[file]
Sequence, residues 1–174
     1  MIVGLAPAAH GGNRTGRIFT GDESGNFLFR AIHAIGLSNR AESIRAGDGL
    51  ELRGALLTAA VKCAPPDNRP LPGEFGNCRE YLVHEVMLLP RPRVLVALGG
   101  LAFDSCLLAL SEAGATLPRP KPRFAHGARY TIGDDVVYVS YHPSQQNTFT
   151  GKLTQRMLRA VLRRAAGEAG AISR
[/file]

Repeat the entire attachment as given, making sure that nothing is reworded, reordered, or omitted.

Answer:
Sequence, residues 1–174
     1  MIVGLAPAAH GGNRTGRIFT GDESGNFLFR AIHAIGLSNR AESIRAGDGL
    51  ELRGALLTAA VKCAPPDNRP LPGEFGNCRE YLVHEVMLLP RPRVLVALGG
   101  LAFDSCLLAL SEAGATLPRP KPRFAHGARY TIGDDVVYVS YHPSQQNTFT
   151  GKLTQRMLRA VLRRAAGEAG AISR